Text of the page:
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Opioids/pills

 CHICAGO – Tuesday afternoon, State Senator Patricia Van Pelt (D-Chicago) held a hearing in light of rising opioid overdose deaths in Cook County over the past year.

 “I think it’s necessary to reanalyze substance addiction in a way that is not criminalizing the addict,” Van Pelt said. “Substance abuse is a disorder, and people need treatment, not punishment. The drug companies, dealers, doctors and pharmacists should be held accountable for the role they play in these overdoses.”

 Gloria Banks, member of Mothers Opposed to Violence Everywhere, testified that users are victims, and dealers are the ones who should be criminalized. Banks’ brother Jay died last December of an overdose.  Banks said she doesn’t believe it to be an accident, but rather a homicide.

 “Drug users are sick. This is their medicine,” Banks said. “They take the drugs not with the intention to die, [but] with the intention to get high. The victims should not be held responsible, the drug dealers should be held responsible.”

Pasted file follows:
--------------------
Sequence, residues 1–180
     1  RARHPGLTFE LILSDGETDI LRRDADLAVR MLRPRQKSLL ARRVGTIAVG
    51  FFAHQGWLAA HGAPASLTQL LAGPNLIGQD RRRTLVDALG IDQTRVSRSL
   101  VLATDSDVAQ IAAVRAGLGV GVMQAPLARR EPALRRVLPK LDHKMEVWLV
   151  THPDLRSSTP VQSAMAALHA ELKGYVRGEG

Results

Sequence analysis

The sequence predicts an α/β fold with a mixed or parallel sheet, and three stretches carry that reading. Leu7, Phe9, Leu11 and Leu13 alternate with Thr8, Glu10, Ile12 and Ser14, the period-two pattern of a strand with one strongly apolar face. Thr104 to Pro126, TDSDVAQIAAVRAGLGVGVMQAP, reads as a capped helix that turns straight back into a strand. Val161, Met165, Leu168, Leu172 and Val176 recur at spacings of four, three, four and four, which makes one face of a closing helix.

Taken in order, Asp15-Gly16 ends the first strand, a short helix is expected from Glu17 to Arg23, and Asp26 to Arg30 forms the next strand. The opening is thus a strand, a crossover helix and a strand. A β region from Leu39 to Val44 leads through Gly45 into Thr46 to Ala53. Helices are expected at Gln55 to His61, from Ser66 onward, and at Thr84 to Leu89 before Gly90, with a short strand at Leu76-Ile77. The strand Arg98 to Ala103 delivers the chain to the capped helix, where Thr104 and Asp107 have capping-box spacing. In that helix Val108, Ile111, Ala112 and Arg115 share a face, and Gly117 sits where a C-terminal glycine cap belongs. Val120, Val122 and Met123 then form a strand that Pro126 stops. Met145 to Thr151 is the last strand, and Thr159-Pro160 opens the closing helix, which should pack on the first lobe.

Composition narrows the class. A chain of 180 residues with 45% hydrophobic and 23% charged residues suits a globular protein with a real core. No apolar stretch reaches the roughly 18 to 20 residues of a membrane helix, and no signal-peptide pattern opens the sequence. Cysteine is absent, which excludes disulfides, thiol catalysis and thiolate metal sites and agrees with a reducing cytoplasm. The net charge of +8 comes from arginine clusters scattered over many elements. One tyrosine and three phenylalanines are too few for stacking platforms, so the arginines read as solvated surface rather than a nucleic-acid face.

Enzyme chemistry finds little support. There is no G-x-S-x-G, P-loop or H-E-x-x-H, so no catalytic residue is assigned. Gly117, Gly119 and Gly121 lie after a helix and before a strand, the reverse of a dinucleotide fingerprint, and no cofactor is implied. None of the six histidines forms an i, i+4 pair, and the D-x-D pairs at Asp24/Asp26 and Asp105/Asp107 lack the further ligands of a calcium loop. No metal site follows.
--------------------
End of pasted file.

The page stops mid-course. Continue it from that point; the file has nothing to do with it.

Dr. Leslie Wise, an epidemiologist from the Illinois Department of Public Health testified that there were 2,872 reported opioid-related deaths in 2020, which was a 30% increase from 2019. The rates were highest for Black and Latino men.

Further, she stated that a majority of drug overdoses in the last two years were linked to opioids or polysubstance use. Polysubstance use, such as mixes of fentanyl and cocaine, is an area that needs further surveillance and is more difficult to reverse with naloxone. Opioid prevention and reporting can be tracked on dph.illinois.gov/opioids. IDPH is expected to release a report in April.

Rebekah Joab, Legal Action Center staff attorney stressed the importance of accessible and consistent treatment, saying that the stigma of “trading one addiction for another” is incorrect and leads to tremendous harm. If someone is forced to stop their treatment, their symptoms will come rushing back and increase risk of overdose and death.

Van Pelt is committed to ending these stigmas and helping to end criminalization to substance abuse treatment. There are all provisions in the Black Caucus’ Healthcare Pillar -- known as House Bill 158 -- which passed the General Assembly last week.